-Tribute to Gord Downie; Part 1: The following is from of an article I contributed to in June, organized by Anne Thériault. It consists of personal stories about the music and influence of The Tragically Hip from 27 writers. You can read the whole article here: 27 Short Essays About The Tragically Hip. Part 2 of my 2 part series will be on my website this Thursday, consisting of a video cover of one of Gord's tunes featuring Myself and Merival.
38 Years Old
I don’t remember a time when the Tragically Hip weren’t in my life. Their first LP (1989’s Up To Here) was released at the beginning of my earliest musical exploration. When I was asked to sing in my first high school band, we learned 5 or 6 tunes, including “New Orleans Is Sinking” and “Blow At High Dough”. They were the soundtrack to bush parties, high school basketball games, long car drives, proms, they were everywhere.
And I hated them.
Let’s talk about a song, though. Actually let’s talk about songwriting. Even in the days when I hated the Hip the most, I always had this nagging inner voice telling me that I might be making a horrible mistake in harbouring such a negative (and unpopular) opinion about the band. Eventually that voice became too loud to ignore, and at that point I began to pay attention to what these tunes were actually about:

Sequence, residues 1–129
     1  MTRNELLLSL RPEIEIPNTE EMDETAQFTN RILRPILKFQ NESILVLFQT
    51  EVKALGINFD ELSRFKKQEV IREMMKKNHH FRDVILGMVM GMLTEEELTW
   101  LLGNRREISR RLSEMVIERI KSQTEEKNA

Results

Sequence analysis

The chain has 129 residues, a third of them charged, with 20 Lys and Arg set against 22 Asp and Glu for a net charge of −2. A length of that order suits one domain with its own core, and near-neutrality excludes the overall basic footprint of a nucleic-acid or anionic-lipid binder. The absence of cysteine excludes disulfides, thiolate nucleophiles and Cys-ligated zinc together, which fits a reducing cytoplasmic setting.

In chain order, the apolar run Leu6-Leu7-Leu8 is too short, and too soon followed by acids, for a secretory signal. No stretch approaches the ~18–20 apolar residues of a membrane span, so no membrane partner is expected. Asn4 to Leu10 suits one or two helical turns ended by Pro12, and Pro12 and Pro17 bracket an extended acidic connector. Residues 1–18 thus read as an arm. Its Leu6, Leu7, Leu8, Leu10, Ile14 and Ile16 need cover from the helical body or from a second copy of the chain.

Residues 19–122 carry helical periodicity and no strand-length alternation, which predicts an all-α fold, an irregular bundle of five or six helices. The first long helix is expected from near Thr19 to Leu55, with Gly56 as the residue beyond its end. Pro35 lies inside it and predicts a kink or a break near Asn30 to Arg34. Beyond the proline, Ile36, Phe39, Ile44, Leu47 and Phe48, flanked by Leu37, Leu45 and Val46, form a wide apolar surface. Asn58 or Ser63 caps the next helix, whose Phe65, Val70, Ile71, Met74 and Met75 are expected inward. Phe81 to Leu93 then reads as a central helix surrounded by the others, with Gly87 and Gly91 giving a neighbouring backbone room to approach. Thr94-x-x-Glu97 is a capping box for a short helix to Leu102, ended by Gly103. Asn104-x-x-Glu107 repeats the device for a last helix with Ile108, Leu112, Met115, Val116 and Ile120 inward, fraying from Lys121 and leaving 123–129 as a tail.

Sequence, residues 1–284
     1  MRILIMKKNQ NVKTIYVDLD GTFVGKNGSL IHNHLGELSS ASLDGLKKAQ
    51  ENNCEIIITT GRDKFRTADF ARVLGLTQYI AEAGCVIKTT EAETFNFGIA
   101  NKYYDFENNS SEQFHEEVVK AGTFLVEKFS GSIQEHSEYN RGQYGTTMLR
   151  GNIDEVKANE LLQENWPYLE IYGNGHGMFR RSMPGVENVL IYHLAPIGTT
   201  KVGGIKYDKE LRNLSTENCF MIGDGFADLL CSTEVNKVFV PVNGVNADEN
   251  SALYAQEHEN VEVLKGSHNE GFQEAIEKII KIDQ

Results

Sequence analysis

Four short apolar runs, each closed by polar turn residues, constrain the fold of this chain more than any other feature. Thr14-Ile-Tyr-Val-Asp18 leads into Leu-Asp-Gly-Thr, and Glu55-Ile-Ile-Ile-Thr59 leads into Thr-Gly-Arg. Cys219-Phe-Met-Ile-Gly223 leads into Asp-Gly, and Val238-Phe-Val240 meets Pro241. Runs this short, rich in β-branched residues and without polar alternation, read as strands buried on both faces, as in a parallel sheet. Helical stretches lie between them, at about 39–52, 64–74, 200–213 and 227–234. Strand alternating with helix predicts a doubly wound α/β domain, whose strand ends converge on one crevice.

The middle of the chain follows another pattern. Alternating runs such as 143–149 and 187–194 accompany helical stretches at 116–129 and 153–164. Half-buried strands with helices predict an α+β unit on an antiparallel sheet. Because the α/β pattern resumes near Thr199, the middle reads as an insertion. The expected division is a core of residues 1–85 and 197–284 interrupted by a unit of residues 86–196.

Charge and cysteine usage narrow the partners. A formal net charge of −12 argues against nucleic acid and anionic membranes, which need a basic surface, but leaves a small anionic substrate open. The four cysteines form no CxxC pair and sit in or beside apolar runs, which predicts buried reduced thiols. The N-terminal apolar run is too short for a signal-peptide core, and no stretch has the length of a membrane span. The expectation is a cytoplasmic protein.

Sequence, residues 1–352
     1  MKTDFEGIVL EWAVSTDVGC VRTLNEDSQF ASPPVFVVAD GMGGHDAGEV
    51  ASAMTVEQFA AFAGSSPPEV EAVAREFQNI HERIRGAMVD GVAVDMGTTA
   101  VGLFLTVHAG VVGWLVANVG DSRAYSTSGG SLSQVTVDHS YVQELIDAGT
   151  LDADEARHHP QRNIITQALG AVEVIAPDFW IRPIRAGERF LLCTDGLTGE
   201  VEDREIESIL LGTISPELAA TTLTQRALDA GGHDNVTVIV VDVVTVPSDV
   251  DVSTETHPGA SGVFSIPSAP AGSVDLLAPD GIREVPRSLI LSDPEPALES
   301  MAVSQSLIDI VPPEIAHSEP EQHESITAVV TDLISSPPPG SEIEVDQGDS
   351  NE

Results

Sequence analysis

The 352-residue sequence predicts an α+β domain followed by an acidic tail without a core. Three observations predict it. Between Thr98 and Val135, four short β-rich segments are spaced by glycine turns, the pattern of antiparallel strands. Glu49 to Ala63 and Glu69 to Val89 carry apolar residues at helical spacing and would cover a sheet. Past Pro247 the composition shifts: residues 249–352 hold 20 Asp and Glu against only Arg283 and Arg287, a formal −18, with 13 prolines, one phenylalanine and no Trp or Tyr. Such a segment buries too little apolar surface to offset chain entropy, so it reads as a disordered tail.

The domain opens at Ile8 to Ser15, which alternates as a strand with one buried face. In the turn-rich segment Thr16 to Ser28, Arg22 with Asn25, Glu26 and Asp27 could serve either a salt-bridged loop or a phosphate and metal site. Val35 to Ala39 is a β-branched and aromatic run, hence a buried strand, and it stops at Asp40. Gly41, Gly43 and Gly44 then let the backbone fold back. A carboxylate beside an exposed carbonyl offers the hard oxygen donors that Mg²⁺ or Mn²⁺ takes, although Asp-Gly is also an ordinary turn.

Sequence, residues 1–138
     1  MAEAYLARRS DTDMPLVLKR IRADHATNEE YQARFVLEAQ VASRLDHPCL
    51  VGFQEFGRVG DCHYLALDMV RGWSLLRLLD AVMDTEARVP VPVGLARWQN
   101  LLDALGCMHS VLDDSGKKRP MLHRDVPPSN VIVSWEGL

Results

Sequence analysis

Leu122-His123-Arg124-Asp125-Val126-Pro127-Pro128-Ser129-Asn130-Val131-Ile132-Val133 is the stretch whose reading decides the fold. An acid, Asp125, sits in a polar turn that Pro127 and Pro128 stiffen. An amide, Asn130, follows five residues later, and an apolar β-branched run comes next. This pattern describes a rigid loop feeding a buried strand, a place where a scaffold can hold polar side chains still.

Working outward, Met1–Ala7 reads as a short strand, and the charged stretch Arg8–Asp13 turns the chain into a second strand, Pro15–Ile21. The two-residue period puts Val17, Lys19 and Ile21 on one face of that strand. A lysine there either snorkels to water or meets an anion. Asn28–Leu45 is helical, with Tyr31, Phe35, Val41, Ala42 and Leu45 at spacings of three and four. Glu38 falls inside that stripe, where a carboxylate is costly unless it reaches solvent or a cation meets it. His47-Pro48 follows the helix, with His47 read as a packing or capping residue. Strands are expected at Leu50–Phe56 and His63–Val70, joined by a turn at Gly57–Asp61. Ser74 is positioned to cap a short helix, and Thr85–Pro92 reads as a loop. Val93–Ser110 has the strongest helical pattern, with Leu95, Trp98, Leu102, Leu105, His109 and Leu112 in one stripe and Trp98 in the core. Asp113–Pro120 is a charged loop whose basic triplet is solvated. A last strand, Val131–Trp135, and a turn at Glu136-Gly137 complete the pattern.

They were telling their Canadian audience that there was no shame in telling Canadian stories, and they’re right. There isn’t.
Jeez, Gord. I’m sorry I didn’t see this earlier.
In 1989, when Kim Mitchell was vapidly lamenting his “Rock And Roll Duty”, and long-forgotten chanteuse Candi was reminding us that “Love Makes No Promises”, The Tragically Hip were singing about The Millhaven prison break (“38 Years Old”). That particular story is just as interesting as anything from San Quentin or Folsom, but what made Downie’s telling of it extraordinary was the choice he made in focusing on the emotional and the familiar instead of the sensational. And, with all due respect to Johnny Cash and Merle Haggard, that’s what holds this song above your average prison song. Downie creates an empathy for the song’s protagonist, Mike, that I’ve never felt for Cash’s chain gang murderer. But at the same time, Downie manages to avoid the weepy sentimentality of a “Moma Tried”; When Mike’s mother cries that “the horror has finally ceased,” the scene is played in such a matter-of-fact way that it feels real. It feels like it could be my family.
“38 Years Old” is just one example of Gord’s genius for combining Canadiana with brilliant storytelling. Since that first LP, The Tragically Hip have told the stories of Bobcaygeon, The Isle Aux Morts, Sault Sainte Marie, Niagara Falls, Toronto, a lake in Quebec, Algonquin Park, The Prairies, the 100th Meridian, a cemetery in Kingston, hockey, bears, CBC, Canada — just to name a few. Put it this way: if it’s a Canadian event, place or feeling, the Hip have probably sung about it. And all of this has paved the way for other Canadian singer-songwriters, like myself, to explore their own relationship with this country and its history.
Jeez, Gord. I’m sorry I didn’t see these things earlier.